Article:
Angry Dan's Column
Idiot Senate votes down nuclear test ban
Before I dive into how moronic the Senate was in voting against the
Comprehensive Test Ban Treaty, let's have a little history on the subject.
August, 1945: Two nuclear bombs are dropped on Japan, killing 105,000 and
injuring 94,000. Not a good thing. However, since then no nuclear devices
have been used during wartime. A good thing.
1950s: nuclear hysteria. The Cold War starts, hanging the threat of nuclear
devastation over our collective heads for over 30 years. Wide-scale testing
of nuclear devices has already begun in the United States and Soviet Union.
Arguably necessary at the time for scientific exploration (to find out
they're bad news), but still not a good thing.
Over the next decade or so, several other nations begin testing and thus
enter the nuclear powers club. Britain begins in 1952, France in 1960 and
China in 1964. Not good things.
1963: The United States signs the Limited Test Ban Treaty, banning
explosions in the atmosphere, space and underwater. A good thing.
1974: India explodes its first nuclear device. Not a good thing.
1974 and 1976: The United States signs two treaties, the Threshold Test Ban
Treaty and the Peaceful Nuclear Explosions Treaty, which ban underground
nuclear explosions for any purposes of over 150 kilotons. A good thing, but
keep in mind the United States does not ratify the two treaties until 1990,
indicating how the country, as a whole, prefers to hem and haw over this
topic instead of make any clear decisions.
1990: The moratoriums begin. First the Soviet Union (Russia has not exploded
any nuclear devices),then Britain a year later. France ends testing in
1992, but breaks their moratorium from June 1995 until January 1996. The
United States ends critical mass testing in 1993, but has since tested
subcritical mass devices, much to the ire of India and other countries. And
in July, 1996, China begins their moratorium. Overall, a good thing.
24 Sept, 1996: The Comprehensive Test Ban Treaty opens for signing. President
Clinton signs it, along with Britain, China, France, Russia and several
other countries. A good thing. However, India does not sign and to this day
has not signed despite being the first country to suggest a comprehensive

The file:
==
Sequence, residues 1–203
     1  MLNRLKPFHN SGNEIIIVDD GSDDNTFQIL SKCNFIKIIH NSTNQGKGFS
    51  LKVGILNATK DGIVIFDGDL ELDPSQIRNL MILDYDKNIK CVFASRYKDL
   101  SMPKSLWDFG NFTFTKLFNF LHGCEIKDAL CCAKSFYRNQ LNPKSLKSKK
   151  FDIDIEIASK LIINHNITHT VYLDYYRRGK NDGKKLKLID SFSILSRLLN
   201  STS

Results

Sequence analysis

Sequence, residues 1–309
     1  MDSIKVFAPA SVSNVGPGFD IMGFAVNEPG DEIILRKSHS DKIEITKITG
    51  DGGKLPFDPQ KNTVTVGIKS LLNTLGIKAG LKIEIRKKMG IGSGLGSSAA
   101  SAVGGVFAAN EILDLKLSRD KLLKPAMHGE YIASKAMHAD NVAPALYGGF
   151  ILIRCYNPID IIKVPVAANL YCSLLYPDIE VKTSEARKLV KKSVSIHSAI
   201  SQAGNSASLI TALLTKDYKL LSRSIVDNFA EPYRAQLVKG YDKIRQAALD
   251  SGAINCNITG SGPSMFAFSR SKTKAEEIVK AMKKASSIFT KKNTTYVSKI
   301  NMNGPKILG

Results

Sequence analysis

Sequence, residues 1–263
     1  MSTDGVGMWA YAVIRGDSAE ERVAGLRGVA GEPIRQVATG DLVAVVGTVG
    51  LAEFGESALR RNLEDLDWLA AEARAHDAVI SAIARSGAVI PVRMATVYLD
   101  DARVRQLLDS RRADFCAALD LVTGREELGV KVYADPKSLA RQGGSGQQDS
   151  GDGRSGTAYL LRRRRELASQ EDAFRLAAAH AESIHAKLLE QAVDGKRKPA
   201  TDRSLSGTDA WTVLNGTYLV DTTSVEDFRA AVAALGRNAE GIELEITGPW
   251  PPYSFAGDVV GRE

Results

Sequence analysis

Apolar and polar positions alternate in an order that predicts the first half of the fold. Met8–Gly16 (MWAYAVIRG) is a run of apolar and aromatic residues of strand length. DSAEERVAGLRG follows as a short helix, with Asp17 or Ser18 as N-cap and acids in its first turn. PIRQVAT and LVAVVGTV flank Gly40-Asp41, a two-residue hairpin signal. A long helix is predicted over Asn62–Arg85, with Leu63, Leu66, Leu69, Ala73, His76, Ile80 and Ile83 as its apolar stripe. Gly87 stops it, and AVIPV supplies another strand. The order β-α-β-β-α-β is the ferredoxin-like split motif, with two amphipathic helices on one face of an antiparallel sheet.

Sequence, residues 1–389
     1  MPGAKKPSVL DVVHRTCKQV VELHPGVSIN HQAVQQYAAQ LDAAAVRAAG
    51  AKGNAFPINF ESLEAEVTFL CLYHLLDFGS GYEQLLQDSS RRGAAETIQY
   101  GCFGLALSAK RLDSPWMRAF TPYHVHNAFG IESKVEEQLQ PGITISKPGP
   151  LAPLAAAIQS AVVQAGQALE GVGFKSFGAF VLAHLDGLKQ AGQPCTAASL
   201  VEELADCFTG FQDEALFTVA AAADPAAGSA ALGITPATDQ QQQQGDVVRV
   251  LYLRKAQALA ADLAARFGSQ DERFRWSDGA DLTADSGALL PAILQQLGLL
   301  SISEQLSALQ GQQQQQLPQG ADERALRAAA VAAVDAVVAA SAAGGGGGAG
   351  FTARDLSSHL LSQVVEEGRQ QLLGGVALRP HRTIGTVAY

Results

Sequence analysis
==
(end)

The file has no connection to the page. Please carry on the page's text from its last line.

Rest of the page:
test ban. India refuses to sign because they call for unilateral
disarmament of nuclear devices along with a ban on all testing. Not really
a good thing that they didn't sign.
May 1998: India and Pakistan carry out nuclear tests, India's first since
1974. Definitely not a good thing.
13 Oct, 1999: The Senate rejects ratification of the CTBT. Voting goes
mostly along party lines, with Republicans voting against and Democrats
for. Again, not a good thing.
The Senate, in all their humility, must have forgotten that all the world's
eyes were on them last week. Yeah, it's real easy to forget how this
country has become the leading world power in the past several years and
thus a large influence on the world's culture, economy and most
Think of the United States as a big brother, sometimes benevolent, sometimes
a bully. You are a nation developing nuclear capabilities, like India or
Pakistan, maybe even Iraq. Your big brother likes to go to the shooting
range or go hunting, so you naturally assume it's alright to have and play
with guns yourself, because one of the people you look up to for precedents
and as a role model does so. Yet you lack the experience and maturity of
brother and perhaps make a mistake or perhaps accidentally shoot that kid
Sure, that's a quaint little story, but what happens when your little brother
blows up the world?
That might sound a little alarmist, but it's a bigger possibility now that
the United States has done little to uphold first the idea of banning all
testing and second the idea of total disarmament.
Last summer, when India and Pakistan were having fun blowing things up, Paul
Warnke said in a New York Times article, "To back off our own commitment to
global adherence to the [test ban] treaty would only give aid and comfort
to nuclear adventurism in South Asia."
That statement could even be expanded, because even though India and Pakistan
haven't even signed the CTBT, many other nations that signed the treaty,
Russia and China included, haven't ratified it yet. In fact, only 26 of the
44 nations needed to ratify it have done so.
How exactly are they going to ratify the CTBT if the United States doesn't?
Just think of Russia and China as your younger brother now.
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